Macquitty would have none of my special pleading on behalf of French carton wines, rubbishing the lot! So, we agreed to disagree on the subject. So why not try some of these carton wines for yourself, if you do not already know them, and add your comments on them on the Frogsiders blog!


    by Ian Blackshaw

    My younger brother-in-law, who is something of a wine buff too, introduced me a few years ago to an up and coming red wine of quality, which comes from the Roussillon, probably the sunniest wine region of France, which is located between the hills of Corbières and the Pyrénées Mountains, centred on Perpignan. The climate, terroir and the winemaking traditions of this region produce a wine which is closer in nature to Spanish wine rather than the wine of the Languedoc wine region. And perhaps this is the reason why the wine is less well-known than that from the Languedoc, whose vin du pays d’oc is well-appreciated throughout France.

    The Roussillon wine concerned is the Côtes du Roussillon Villages, a denomination granted in 1977 to 25 villages along the Agly river, just south of Corbières. This area only produces red wine, which reflects its sunny terroir, making this particular wine stronger than the wine from the Roussillon in general.

    Rousillon wine map

    The main grape varieties are carignan, grenache and cinsault, giving the wine a distinctive spiciness as well as a medium body. The wine has notes of black and red fruits, with a tantalising hint of licorice! The best vintages are 2001 and 2006 and are well worth trying. The wine goes down well with a casoulet offering a foil to the fattiness of this hearty French dish and complementing the Toulouse sausages – an essential ingredient. The wine is also a fine accompaniment to a French Comté cheese.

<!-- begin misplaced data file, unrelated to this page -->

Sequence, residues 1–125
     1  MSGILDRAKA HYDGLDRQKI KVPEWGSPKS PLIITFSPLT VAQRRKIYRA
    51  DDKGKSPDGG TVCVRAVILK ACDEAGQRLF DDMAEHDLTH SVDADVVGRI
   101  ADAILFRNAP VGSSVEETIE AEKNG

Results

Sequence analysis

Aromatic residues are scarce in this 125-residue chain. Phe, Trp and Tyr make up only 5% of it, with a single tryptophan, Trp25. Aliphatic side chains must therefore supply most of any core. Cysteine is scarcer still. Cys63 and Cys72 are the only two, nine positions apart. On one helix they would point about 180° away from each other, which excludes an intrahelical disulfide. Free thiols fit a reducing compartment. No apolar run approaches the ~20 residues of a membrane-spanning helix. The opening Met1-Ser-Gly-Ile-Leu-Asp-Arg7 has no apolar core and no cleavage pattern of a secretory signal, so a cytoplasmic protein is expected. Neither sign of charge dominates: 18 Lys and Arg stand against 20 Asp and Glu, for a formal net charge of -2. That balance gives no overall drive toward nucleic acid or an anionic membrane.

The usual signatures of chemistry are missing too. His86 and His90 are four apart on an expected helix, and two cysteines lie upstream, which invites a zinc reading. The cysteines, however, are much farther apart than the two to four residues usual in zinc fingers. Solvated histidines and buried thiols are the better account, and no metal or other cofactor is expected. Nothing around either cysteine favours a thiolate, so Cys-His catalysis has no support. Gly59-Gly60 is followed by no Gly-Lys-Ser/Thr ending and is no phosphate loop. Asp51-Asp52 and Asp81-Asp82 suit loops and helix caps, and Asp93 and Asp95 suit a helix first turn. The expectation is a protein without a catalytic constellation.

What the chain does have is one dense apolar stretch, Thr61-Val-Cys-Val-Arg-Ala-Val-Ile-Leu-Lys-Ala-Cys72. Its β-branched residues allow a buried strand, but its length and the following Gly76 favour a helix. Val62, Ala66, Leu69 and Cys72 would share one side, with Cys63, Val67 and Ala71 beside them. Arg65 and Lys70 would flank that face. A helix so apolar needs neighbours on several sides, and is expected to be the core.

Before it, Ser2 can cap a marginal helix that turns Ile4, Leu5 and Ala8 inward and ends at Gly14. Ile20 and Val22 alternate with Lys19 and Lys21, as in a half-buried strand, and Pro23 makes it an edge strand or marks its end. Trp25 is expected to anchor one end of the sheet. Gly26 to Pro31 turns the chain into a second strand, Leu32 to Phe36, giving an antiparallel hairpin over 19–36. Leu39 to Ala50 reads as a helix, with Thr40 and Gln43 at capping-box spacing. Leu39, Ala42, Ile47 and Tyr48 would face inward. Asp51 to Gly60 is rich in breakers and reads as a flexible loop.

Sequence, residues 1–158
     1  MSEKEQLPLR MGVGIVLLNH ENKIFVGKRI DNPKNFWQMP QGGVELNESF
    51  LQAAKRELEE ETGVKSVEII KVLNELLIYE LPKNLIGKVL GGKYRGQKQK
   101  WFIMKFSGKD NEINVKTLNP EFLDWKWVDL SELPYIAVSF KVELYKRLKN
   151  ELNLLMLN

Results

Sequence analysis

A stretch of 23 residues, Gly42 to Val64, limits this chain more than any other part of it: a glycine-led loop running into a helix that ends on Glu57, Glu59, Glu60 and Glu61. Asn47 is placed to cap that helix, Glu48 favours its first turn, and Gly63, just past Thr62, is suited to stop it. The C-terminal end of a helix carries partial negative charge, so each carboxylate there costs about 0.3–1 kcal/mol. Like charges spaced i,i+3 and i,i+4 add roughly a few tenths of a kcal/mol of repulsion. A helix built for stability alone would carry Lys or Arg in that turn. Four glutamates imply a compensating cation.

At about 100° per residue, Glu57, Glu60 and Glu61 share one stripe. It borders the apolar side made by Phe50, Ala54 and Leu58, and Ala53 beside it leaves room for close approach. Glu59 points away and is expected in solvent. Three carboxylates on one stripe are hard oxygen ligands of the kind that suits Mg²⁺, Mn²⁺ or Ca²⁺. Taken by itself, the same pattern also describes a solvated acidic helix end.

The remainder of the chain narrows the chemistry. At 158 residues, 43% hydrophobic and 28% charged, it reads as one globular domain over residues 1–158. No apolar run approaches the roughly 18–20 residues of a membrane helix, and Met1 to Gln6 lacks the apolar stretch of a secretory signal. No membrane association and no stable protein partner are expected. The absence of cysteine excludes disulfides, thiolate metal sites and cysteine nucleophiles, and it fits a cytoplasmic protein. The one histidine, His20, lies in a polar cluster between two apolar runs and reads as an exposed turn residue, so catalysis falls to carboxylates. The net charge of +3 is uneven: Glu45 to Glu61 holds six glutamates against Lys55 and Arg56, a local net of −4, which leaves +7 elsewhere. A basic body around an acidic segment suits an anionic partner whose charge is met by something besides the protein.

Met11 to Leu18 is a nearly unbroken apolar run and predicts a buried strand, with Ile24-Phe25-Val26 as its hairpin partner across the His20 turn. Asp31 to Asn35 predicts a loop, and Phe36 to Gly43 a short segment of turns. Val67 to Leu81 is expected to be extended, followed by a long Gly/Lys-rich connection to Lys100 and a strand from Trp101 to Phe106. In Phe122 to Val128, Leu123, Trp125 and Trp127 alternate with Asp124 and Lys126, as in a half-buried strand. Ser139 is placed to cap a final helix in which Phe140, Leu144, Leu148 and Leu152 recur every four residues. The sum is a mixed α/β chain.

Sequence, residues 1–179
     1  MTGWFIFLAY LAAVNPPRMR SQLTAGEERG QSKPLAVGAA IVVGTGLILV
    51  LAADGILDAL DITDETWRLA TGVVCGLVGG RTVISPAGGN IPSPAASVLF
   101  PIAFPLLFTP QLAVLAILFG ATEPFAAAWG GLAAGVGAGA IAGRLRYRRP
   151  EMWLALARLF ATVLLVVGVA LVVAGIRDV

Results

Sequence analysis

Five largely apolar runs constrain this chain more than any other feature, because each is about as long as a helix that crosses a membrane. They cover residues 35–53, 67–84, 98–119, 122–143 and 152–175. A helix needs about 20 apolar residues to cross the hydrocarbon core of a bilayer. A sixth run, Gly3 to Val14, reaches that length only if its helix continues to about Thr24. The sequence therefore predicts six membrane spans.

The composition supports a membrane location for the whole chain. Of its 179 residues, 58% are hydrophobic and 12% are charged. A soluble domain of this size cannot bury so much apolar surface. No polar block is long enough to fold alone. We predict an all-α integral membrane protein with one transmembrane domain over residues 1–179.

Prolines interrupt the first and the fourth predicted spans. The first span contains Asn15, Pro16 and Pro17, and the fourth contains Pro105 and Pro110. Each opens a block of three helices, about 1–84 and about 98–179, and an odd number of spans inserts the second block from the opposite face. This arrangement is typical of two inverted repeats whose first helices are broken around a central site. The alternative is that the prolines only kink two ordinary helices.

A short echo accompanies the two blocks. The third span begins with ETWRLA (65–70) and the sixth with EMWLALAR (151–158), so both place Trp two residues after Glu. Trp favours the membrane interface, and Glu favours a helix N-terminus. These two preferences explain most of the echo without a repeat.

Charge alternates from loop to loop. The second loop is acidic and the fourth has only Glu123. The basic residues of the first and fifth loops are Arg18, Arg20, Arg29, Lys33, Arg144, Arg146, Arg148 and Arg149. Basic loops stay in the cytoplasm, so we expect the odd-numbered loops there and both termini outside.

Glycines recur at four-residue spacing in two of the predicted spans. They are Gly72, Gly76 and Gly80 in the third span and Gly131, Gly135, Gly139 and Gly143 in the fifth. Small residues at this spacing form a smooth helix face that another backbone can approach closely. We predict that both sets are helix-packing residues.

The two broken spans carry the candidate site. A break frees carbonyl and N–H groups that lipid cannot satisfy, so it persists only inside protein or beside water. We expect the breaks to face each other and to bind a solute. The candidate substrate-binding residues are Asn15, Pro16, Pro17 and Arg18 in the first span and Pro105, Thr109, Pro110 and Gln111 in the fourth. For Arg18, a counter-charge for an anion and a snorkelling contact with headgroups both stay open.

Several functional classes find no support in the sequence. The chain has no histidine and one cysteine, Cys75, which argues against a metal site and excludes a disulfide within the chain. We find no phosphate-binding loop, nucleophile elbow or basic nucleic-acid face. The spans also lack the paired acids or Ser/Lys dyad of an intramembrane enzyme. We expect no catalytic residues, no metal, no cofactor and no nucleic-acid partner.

The Roussillon wine region produces 27 million bottles a year – 70% red; 28% Rosé; and 2% white. 13,800 acres (5,600 hectares) of vines are under cultivation; and the soil is largely limestone, which is good for drainage.

    The vineyard to look out for is Chateau Montner. The 2006 is currently drinking well. Try this wine for yourself – you will not be disappointed!


    by Ian Blackshaw

    In a recent blind tasting of English ‘Champagne’ and the real McCoy, the French champagne growers and tasters chose the English version over the French one! This goes to show that English winemaking, which was revived around the middle of last Century, has come a long way since the Romans planted vines in Britain and since then vineyards had been an integral part of rural England.

    But for all kinds of reasons, they slowly declined until by the 19th Century only one or two remained. The annexation of the Bordeaux vineyards during the reign of Henry II provided wine aplenty and hundreds of little ships with their quota of casks in the hold plied their way up the Channel and beyond. Later the monastic vineyards suffered under Henry VIII’s dissolution of the monasteries and were abandoned. As time went by transportation of goods to and from Europe became easier and viticulture declined even further. The need for a home-based wine industry had disappeared.

    But then, around the middle of the 20th Century, Edward Hymes and Ray Barrington-Brock began experimenting with grapevine trials and started the re-birth of viticulture in England. Sir Guy Salisbury-Jones planted the first commercial vineyard in 1951 at his estate in Hambledon, Hampshire.

    There are now about 400 vineyards across the south of England and into Wales producing acceptable and, in many cases, exceptional wines, mainly white, of course.

    But what about English ‘Champagne’ – or to be more precise, English sparkling white wine produced by the Champagne method – methode champenoise? This too has blossomed and competes, as mentioned above, very favourably with the French Champagnes, often outbeating them in terms of quality and price, although the better English ‘Champagnes’ do not come very cheap.

    But who invented Champagne? The French? No, surprisingly in fact, it was the English in the 17th Century!